Optimum conditions of roasting process of Liberica coffee towards the local and international preference
Wan-Mohtar, Wan Abd Al Qadr Imad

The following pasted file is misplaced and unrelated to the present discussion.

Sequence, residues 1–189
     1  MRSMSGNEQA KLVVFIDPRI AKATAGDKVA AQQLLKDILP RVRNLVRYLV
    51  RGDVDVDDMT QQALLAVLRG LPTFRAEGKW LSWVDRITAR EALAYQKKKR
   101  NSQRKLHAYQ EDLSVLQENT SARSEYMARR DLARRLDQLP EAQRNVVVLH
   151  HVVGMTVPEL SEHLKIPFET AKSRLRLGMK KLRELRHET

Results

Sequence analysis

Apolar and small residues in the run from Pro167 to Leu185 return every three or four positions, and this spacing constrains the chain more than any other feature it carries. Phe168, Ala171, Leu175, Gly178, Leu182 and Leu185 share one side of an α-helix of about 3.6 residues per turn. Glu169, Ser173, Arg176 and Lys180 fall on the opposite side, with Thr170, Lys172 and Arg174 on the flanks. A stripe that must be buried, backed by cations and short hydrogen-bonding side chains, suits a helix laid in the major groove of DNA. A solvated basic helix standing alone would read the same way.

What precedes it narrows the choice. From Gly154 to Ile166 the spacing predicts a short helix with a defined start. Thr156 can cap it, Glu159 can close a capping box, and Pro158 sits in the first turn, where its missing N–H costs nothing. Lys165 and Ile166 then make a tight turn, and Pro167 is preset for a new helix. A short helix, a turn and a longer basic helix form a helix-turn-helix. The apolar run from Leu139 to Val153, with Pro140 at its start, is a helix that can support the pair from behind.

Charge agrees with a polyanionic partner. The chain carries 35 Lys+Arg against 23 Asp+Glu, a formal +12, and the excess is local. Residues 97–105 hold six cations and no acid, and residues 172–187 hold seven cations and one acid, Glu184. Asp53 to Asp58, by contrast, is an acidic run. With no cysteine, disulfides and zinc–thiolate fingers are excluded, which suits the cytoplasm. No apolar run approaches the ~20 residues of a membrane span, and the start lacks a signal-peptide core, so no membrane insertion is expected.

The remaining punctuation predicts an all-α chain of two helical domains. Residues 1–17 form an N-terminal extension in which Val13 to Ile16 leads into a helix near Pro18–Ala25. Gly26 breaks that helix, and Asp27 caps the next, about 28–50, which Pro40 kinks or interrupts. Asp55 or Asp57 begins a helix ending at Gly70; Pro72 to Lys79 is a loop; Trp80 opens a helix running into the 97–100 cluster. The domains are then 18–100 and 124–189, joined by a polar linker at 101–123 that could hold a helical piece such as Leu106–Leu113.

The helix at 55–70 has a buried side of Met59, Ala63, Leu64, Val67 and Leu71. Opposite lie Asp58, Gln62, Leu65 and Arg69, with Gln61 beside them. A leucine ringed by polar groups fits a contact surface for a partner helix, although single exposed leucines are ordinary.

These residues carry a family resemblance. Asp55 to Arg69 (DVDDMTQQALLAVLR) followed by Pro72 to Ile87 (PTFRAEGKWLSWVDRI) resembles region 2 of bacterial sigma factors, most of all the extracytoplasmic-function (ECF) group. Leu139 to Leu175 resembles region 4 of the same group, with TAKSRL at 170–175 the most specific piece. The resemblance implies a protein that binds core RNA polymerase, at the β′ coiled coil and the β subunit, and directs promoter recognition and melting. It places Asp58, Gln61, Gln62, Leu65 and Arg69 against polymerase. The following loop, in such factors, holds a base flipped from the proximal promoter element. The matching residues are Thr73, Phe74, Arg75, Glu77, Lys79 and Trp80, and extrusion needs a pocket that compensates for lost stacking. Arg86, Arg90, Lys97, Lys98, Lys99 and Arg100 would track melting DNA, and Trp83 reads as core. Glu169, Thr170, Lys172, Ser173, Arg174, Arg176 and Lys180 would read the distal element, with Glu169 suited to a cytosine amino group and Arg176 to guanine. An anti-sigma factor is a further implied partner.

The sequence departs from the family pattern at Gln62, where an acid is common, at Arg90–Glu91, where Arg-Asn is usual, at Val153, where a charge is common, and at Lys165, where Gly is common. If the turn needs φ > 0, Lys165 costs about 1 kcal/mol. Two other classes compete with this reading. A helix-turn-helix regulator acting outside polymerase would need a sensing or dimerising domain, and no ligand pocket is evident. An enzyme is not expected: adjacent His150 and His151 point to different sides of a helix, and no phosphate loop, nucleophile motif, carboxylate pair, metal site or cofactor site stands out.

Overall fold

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Coffea liberica is one of the common coffee species grown in most Southeast Asia countries, especially in Malaysia. However, its production accounts for just 2% globally. In general, coffee beans’ roasting temperature and roasting time are critical factors determining the acceptance of roasted coffee by customers. However, there is still a gap in knowledge on the ideal roasting conditions of Liberica coffee based on the critical parameters. In this research, the central composite design (CCD) was used to assess the roasting time and the temperature in 13 treatments. The temperature ranged from 160 to 220°C and the time ranged from 15 to 30 mins. In the sensory analysis, 30 drinking panellists from local and international countries assessed the coffee brews' acceptability and the sensory attributes considered were colour, aroma, taste, and mouthfeel. By using response surface methodology (RSM), the optimum roasting conditions were determined based on the sensory analysis applied. The colour value of both roasted and ground coffee (p<0.05) was significantly influenced by roasting temperature and time, but only roasting temperature (p<0.05) affected the sensory acceptability of the coffee brew. The optimal roasting conditions were shown to be 197°C for 12.30 mins, corresponding to the roasting characterised by the following colour of the roasted Liberica beans: L* 30.43, a* 11.33 and b* 15.77 respectively. The disparity between Liberica coffee preference by two region panellists was also examined by a two-sample T-test, proving no difference between local and international selection.
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